We must not forget that prohibiting nuclear weapons is the beginning – not the end – of our efforts
Distinguished colleagues, ladies and gentlemen,
What an historic moment: in 90 days, a new global norm will enter into force explicitly prohibiting nuclear weapons — one of the most terrifying and inhumane weapons ever created.
I warmly congratulate the States, civil society organizations and other actors that have brought us to this moment.
The International Committee of the Red Cross and the International Red Cross and Red Crescent Movement are proud to have contributed to these efforts. Today is a victory for humanity.
Ten years ago, the ICRC called for a new debate on nuclear weapons, saying:
"The existence of nuclear weapons poses some of the most profound questions about the point at which the rights of States must yield to the interests of humanity, the capacity of our species to master the technology it creates, the reach of international humanitarian law, and the extent of human suffering we are willing to inflict, or to permit, in warfare."
We concluded by re-calling our long-standing appeal to all States to pursue negotiations to prohibit and eliminate nuclear weapons through a legally binding international treaty.
In 2010, this call may have appeared a castle in the air. But the imminent entry into force of the Treaty on the Prohibition of Nuclear Weapons shows that what may have seemed unrealistic yesterday can become reality tomorrow.
It shows that we can – if we act in concert, with foresight and clarity of purpose – overcome even our biggest and most entrenched challenges.
For too long, we have looked to the past for guidance on what to do about nuclear weapons. We have witnessed how the dangerous logic of nuclear deterrence repeatedly has led the world to the brink of unimaginable destruction, threatening the very survival of humankind. Many have come to accept nuclear weapons as an inevitable part of the international security architecture.
The entry into force of the Treaty on the Prohibition of Nuclear Weapons allows us to turn our gaze towards the future; to imagine a world freed from these inhumane weapons no longer as a distant dream, but as an actual, achievable goal.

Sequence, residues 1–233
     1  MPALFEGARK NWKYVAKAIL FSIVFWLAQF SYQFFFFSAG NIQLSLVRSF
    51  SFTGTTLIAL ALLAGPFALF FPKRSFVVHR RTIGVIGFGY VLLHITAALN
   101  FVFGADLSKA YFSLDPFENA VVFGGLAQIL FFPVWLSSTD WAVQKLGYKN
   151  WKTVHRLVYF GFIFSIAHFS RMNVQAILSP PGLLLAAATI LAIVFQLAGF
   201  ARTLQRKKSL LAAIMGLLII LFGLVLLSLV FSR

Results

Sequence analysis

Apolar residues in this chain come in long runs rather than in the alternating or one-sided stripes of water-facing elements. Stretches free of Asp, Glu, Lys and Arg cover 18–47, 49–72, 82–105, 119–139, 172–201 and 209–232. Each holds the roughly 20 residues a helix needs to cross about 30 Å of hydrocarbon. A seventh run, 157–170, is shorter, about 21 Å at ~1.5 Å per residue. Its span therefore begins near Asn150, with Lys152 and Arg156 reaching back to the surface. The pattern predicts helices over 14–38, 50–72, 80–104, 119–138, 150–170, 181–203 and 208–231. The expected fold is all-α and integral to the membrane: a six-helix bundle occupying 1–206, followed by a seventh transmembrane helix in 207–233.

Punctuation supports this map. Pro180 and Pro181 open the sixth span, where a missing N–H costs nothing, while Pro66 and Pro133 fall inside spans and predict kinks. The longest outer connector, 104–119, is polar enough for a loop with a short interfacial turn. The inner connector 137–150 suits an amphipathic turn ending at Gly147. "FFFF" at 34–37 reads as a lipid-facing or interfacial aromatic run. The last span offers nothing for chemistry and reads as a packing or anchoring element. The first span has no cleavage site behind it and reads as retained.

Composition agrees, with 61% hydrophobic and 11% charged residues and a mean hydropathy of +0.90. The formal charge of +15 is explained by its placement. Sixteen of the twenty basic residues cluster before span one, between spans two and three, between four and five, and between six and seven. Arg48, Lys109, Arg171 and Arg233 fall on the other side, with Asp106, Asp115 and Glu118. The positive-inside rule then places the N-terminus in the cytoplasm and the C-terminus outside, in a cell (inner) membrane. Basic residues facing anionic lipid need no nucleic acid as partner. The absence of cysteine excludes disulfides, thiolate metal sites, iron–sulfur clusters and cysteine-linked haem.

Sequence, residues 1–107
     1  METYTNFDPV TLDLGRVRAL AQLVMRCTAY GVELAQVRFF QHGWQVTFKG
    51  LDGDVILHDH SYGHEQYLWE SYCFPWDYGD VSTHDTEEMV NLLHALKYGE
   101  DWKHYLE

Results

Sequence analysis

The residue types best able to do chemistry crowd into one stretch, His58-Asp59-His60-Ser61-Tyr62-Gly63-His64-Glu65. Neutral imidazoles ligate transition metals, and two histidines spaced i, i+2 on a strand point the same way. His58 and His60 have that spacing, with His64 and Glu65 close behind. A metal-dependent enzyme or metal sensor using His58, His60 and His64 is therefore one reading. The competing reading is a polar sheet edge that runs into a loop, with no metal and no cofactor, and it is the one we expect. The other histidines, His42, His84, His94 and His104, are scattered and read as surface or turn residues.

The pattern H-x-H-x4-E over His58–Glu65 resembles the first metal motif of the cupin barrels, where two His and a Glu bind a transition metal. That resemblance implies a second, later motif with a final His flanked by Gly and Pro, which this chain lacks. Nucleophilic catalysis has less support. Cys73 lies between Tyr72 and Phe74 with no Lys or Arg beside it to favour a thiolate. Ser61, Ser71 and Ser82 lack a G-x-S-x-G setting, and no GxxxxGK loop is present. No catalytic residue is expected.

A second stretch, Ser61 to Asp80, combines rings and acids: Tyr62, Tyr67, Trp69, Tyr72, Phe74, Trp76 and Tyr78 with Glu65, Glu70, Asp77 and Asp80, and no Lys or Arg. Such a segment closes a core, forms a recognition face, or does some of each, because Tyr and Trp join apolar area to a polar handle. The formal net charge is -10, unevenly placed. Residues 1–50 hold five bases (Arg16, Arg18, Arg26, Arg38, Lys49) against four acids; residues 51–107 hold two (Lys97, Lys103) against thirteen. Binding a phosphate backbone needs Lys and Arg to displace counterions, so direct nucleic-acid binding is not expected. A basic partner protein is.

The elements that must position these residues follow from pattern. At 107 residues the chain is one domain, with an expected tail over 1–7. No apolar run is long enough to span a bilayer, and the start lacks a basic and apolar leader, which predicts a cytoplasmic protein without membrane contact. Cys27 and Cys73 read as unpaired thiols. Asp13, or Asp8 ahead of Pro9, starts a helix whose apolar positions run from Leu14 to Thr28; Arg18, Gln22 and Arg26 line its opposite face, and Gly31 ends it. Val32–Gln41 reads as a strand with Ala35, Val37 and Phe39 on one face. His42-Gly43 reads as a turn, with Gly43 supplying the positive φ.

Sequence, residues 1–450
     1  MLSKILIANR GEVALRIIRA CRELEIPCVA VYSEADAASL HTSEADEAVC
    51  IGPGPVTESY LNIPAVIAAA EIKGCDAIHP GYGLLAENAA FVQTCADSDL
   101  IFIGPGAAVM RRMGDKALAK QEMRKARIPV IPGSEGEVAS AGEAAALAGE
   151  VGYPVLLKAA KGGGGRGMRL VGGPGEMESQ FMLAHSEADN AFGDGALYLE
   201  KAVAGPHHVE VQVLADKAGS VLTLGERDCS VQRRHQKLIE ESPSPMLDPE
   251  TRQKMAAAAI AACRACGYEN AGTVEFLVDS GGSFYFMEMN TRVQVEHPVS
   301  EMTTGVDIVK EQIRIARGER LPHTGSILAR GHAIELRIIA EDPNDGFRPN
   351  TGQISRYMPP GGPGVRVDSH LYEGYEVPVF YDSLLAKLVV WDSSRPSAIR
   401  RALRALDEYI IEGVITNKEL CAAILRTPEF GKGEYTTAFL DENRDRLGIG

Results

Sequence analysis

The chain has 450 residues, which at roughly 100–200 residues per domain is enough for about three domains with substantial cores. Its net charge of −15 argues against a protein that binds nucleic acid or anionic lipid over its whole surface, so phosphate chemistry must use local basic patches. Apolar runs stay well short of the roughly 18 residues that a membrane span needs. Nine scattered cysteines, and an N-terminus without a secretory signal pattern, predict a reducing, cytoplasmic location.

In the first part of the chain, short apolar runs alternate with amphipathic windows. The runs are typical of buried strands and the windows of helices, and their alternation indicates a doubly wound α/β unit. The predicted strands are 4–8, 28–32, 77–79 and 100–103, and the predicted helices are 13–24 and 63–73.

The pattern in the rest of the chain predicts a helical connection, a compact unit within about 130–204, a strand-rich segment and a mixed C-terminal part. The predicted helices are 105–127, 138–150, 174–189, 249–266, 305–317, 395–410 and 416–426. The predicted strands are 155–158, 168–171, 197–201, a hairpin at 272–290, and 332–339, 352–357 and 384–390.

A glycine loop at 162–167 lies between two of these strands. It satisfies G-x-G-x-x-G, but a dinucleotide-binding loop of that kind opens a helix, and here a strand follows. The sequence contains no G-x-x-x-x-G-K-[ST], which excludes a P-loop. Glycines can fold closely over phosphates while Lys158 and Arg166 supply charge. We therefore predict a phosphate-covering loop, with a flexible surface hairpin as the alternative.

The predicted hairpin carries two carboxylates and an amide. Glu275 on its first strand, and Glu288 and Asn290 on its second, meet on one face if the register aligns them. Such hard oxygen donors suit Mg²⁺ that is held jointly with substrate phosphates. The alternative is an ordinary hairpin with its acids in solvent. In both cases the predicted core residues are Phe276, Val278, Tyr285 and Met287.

So, while we celebrate the entry into force of the Treaty on the Prohibition of Nuclear Weapons, we must not forget that prohibiting nuclear weapons is the beginning – not the end – of our efforts.
There are still more than thirteen thousand nuclear weapons in the world. Many thousands of these are on high alert, ready to be launched at a moment's notice. This is the reality we are up against.
The Treaty on the Prohibition of Nuclear Weapons articulates the end-state and benchmark against which all efforts towards nuclear disarmament and non-proliferation must be judged. It offers a promise to current and future generations, that one day we will be freed of the dark shadow of nuclear weapons.
It is up to us, however, to deliver on this promise. As we look towards the Treaty's first Meeting of States Parties, we must ensure that the Treaty's provisions are faithfully implemented.
We must intensify and scale up our efforts to achieve the Treaty's broadest possible adherence and insist on its vision of collective security; a vision that is more viable, sustainable and humane.
And finally, in all our efforts, we must strive to keep the testimonies of the hibakusha and the evidence of the catastrophic humanitarian consequences at the centre of the debate. What we cannot prepare for, we must prevent.
This Treaty first became possible when the nuclear weapons debate shifted from focusing on the possessor of these weapons and their motives to the weapon itself and the profound humanitarian impact.
By maintaining this focus, we can take this Treaty all the way to its goal: a world without nuclear weapons.
Today is a promise of a safer future. Let us seize now the unique opportunities brought to us by this Treaty and bring the era of nuclear weapons to an end.